What belonged to me? What did I belong to?
I spent much of the two years after my mother died training to be a psychic medium. One of my courses met once a week for three hours for five months. After the lecture, the teacher split us into pairs to practice on each other. The other students were strangers to me, and my experiences with them were mixed. Some were socially pleasant but psychically ungifted, some were bizarrely competitive. Some had the skill, like the woman who described the intersection of Lake and Lathrop to me.
This is how it works: we agree who would go first. The reader closes their eyes and enters the sitter’s energy. There are different ways of accomplishing this; I like to hold my hand out, as if for someone to take it, while I listen to the peal of my own tone and saw myself sitting in a massive conduit of my own color. I send, and see, my energetic body bridging out into the sitter’s energetic body, a movement like a spaceship expanding, transforming, to dock, and then I feel their realm, and I tell the sitter what I see.
When an energy comes through from the other side, the dead will show you images for the sitter. For that woman I saw a man’s hands and arms, his neck and chest, strong, thick, covered in black hair. I felt his love for her and his devotion to God and I understood that I inhabited his body. He—I—wore a shirt unbuttoned to show his collarbone. We walked through a beautiful jungle. When I described this to her, my partner said that the man who came through for her was her grandfather, who had died in the Caribbean before she could return to him again.
When she read me, she described a woman very carefully dressed, in beautiful clothes and makeup, her hair styled just so, walking down the street with a little girl. “They’re so happy, talking, the little girl is skipping behind the woman.” I recognized the location as Lathrop and Lake, where a tall clock stands, a block away from the Jewel-Osco, near where Todd & Holland Tea Merchants was once located.
“She says you were the only person who really liked spending time her,” my partner said.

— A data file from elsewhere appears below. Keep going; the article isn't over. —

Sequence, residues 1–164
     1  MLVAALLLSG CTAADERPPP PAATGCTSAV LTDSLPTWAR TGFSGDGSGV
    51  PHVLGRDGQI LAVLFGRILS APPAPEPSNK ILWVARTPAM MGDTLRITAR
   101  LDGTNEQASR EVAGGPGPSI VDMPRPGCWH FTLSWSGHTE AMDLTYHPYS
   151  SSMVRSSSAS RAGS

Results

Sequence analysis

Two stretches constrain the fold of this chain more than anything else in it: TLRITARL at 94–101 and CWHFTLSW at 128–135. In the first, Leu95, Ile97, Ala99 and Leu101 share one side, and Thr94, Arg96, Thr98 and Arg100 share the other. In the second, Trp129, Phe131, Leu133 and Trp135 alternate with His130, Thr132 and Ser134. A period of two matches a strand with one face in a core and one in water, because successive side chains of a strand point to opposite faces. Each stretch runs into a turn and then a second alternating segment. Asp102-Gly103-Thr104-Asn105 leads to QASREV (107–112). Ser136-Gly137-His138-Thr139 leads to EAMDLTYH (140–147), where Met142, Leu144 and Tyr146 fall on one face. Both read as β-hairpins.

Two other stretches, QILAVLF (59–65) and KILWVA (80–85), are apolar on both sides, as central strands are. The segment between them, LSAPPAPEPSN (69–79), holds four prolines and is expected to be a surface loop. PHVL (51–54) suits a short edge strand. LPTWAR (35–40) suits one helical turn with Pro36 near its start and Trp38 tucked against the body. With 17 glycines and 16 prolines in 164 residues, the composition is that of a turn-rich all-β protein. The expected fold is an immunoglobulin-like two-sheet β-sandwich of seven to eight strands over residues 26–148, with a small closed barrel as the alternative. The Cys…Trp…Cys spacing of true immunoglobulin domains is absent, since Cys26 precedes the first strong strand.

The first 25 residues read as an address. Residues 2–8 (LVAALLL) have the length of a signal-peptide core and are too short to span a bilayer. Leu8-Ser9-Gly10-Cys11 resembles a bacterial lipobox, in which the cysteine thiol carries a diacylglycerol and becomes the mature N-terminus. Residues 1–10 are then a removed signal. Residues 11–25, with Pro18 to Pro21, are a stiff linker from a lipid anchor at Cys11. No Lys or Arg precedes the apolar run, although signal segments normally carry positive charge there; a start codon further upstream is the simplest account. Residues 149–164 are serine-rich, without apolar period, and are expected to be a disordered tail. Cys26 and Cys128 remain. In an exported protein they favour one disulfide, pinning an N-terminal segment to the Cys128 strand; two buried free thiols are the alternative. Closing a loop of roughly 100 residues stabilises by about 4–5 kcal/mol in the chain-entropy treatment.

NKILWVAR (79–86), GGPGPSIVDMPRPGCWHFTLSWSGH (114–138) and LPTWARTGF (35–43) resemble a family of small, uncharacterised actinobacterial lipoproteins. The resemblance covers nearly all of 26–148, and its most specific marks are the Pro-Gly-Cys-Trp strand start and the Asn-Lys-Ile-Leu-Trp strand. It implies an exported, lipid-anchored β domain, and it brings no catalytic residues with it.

Of course I was not the only person who liked spending time with my mother. But she had a knack for making me feel singular in our confidence, an innate coziness, a loving goodwill so powerful it had its own atmosphere.
When I am hit with grief, I try to understand it. Missing my mom often feels indissoluble from missing our home. The summer before fifth grade I engaged in “The Roosevelt Experience,” a weeklong camp held on a college campus on a small lake. When I arrived home early, having been evacuated out by another kid’s mother following a bout of food poisoning that led me to throw up at the center of the circle in which all of my new classmates were seated, I was met by our soft living room couch, the coffee table ready with my favorite snack of chocolate milk and Craisins.
I told my mom it felt like heaven. What I meant was it felt like her.
I can’t remember which Pumpkins songs my mother liked. Maybe “Tonight, Tonight,” an easy favorite, with its genre-bending strings and triumphant message. “1979” that made her cry with my father when it came on the radio.
The moodiness of the music, its goth feeling, she understood. She loved the soundtrack to the softcore TV show Red Shoe Diaries, especially its searching piano theme “Red Shoe Requiem,” which seems not to exist at all online. She played her own compositions on the piano in our living room, late at night, or sometimes by surprise in the middle of the day. Her special sorrowful sound, heavy and knowing as a brow.
“People had thought she was a dutiful daughter. They could not imagine two intelligent women who simply understood and loved each other.” — A.S. Byatt, “A Stone Woman.”
This week I thought it was strange that I wanted to write about my mom in response to one of the divorce songs on Adore. Then I learned that, about “Crestfallen,” Billy said: “My mother's death helped me to refocus my priorities. It showed me the true value of my life.”
Thank you for reading! This is the seventh of sixteen installments of Adoration Revisited, which will be released every Friday between December 2, 2022 and March 17, 2023. If you enjoy my newsletter, I’d be honored if you share it with your friends. And I’m always interested to hear about your obsessions and memories.